Let’s look at a specific account and discuss how it can be documented in Dynamics CRM. One of the incredible (and many times underutilized powers) of DynamicsCRM is its ability to track what I would consider the spider web of relationships. Rarely are, say a 100 people with relationships, easily dropped into a tree format. Sure it works for families, but larger companies are not always truly hierarchical in nature. They are much more likely to intertwine and have multiple touch points.
Let’s look at Microsoft Corporation for instance.
In getting to know the new contacts here in Houston I was immediately faced with how should I track these in Dynamics CRM. You see I use Dynamics CRM heavily to do what I do and as such have to apply the framework to my own intertwined world.
Now of the 10 blue badges (Microsoft Employees) I have met to date in the Houston area I have at least 5 different addresses, 3 different departments and definitely different individual success points. Each of the people I have met is driven by different factors. Understanding these success points allows me to continue to not only get from Microsoft, but to continue to give in return. A Win/Win.. As opportunities cross my plate that might help any one person meet their success point I can add a little sugar, but I digress.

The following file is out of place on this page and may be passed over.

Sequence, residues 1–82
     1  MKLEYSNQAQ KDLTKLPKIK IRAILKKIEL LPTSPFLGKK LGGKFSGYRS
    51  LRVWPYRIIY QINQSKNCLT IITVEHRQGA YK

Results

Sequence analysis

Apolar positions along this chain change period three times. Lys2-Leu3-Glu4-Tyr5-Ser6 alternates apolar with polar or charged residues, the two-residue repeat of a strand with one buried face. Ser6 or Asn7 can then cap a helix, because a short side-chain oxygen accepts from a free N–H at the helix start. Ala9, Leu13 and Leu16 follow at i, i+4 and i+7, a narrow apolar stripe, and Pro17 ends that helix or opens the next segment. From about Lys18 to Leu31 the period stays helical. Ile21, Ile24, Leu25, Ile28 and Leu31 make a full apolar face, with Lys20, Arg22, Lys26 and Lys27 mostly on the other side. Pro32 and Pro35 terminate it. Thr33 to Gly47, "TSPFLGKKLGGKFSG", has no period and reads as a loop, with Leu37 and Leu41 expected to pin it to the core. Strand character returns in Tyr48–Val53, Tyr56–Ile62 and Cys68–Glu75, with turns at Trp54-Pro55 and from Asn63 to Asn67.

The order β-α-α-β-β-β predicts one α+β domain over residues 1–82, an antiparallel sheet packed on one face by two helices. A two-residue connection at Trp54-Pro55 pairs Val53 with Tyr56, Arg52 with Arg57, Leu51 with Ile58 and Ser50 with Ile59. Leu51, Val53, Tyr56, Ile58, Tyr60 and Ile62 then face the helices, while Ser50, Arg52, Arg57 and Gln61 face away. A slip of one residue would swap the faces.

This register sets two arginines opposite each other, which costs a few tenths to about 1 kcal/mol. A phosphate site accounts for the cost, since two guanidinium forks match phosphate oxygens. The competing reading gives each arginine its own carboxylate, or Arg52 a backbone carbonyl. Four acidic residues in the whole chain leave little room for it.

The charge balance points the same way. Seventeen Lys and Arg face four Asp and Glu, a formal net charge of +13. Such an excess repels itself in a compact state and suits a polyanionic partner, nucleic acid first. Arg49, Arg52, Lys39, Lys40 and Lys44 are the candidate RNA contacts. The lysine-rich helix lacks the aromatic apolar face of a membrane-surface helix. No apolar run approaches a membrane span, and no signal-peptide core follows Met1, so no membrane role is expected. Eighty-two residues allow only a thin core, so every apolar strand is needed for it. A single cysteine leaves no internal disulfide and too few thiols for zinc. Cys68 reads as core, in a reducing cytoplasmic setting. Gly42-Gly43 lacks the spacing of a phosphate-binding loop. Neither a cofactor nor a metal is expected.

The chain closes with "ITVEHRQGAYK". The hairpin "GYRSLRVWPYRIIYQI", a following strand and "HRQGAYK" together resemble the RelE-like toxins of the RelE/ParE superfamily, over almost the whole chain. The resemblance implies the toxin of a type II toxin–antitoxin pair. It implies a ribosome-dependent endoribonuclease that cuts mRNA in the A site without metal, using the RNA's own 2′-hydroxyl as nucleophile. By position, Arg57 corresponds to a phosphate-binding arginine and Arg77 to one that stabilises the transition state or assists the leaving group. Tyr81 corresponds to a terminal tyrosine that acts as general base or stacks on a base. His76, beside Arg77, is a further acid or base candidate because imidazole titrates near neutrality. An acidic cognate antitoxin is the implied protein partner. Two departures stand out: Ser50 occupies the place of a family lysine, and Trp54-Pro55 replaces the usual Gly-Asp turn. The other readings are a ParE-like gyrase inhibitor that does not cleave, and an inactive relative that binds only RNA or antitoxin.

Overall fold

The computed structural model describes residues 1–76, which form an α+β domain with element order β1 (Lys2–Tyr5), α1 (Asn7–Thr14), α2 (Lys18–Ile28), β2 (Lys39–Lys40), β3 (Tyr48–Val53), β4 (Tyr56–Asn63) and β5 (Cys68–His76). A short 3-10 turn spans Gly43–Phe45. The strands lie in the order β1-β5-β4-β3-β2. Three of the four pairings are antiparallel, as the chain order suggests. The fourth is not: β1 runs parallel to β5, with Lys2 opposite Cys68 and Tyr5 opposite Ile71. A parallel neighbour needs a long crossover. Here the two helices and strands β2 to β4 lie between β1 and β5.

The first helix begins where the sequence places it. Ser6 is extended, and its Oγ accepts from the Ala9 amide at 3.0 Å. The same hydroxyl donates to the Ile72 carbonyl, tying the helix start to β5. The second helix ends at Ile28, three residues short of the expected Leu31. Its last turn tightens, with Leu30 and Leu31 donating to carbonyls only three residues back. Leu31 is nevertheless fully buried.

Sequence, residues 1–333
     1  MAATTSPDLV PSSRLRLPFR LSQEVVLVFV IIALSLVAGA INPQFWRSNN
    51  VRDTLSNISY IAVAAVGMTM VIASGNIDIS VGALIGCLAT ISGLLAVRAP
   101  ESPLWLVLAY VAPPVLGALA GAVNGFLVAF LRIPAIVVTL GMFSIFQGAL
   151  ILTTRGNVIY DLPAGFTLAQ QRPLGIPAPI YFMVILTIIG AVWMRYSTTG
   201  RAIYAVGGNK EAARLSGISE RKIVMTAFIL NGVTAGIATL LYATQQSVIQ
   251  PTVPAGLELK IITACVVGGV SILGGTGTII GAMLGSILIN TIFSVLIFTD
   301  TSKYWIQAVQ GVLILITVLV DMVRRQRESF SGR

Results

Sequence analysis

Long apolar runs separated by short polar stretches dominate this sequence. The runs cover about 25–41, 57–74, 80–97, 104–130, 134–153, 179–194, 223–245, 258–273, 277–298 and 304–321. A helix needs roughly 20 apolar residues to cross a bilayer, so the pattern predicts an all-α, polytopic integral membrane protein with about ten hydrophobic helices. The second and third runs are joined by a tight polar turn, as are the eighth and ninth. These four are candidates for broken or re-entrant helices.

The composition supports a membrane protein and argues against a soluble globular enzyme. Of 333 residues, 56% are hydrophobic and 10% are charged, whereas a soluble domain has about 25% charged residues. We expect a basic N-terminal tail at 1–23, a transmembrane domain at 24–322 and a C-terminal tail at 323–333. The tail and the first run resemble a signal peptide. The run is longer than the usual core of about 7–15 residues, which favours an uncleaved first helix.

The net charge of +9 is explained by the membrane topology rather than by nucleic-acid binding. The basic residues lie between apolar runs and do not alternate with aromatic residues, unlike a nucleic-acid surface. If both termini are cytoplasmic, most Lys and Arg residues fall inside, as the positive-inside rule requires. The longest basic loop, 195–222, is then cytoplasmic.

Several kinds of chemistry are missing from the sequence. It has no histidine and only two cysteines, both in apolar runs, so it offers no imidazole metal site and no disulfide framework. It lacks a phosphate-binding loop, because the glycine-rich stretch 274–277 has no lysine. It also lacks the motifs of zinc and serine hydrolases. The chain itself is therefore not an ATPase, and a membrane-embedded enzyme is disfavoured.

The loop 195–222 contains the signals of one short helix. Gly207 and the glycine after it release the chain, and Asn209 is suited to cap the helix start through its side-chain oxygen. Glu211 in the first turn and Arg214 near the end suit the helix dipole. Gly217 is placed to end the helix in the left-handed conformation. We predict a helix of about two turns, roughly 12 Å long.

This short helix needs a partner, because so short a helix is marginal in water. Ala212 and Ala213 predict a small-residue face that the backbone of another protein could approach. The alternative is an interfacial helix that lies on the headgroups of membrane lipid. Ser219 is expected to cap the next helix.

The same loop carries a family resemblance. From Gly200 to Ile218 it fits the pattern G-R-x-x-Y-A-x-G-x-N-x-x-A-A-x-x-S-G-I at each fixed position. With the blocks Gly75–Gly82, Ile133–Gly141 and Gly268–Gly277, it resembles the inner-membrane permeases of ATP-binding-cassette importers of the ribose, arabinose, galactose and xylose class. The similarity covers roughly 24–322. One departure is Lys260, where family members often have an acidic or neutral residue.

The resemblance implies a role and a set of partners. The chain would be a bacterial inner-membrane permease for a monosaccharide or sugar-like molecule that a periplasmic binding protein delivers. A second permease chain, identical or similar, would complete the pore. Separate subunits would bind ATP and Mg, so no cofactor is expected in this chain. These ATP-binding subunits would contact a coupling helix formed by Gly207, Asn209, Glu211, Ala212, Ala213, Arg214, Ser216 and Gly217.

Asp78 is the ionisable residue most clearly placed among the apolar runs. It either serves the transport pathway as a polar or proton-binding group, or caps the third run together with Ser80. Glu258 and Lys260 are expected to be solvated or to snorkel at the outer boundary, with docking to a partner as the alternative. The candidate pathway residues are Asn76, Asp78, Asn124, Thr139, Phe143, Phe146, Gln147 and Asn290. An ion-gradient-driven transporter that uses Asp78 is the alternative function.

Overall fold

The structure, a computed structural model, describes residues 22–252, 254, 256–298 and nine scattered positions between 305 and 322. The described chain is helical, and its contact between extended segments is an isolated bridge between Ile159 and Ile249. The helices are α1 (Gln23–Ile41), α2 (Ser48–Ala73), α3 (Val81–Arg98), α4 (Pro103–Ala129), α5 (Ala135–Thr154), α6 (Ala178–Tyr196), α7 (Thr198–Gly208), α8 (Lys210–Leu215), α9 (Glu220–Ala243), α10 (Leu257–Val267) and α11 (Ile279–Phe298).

Now before I share with you how I tackled this, let’s look at the options (for this “word problem” and for now I will not include the international offices). So we have Microsoft Corporation (Infrastructure) and Microsoft Business Solutions. These two main lines of thought tend to be unique in their culture. There are overlaps and yet in the partner world there are also distinct differences in model in those that focus on one or the other.
We also have divisions under the two above such as the SMS&P division. Now would you make Microsoft SMS&P an Account in DynamicsCRM or would you make Microsoft Houston an Account or perhaps just Microsoft Corporation and let every Microsoft contact be simply a contact and yet if you only had contacts how would you build the relationship map to show which of the contacts were related to which of the other contacts. There are peers, umbrella divisions, regional groups, and more.
Would you use the relationship table (certainly an option) and one that is not flat if you really think about it?
What about the third party vendors who compliment the Microsoft solutions OR the third party vendors who are contracted by Microsoft and as such are listed under Microsoft Corporation (often seen as an e-mail address starting with a v-)?
These are the challenges and yet challenges that can be met with numerous options by using Microsoft DynamicsCRM.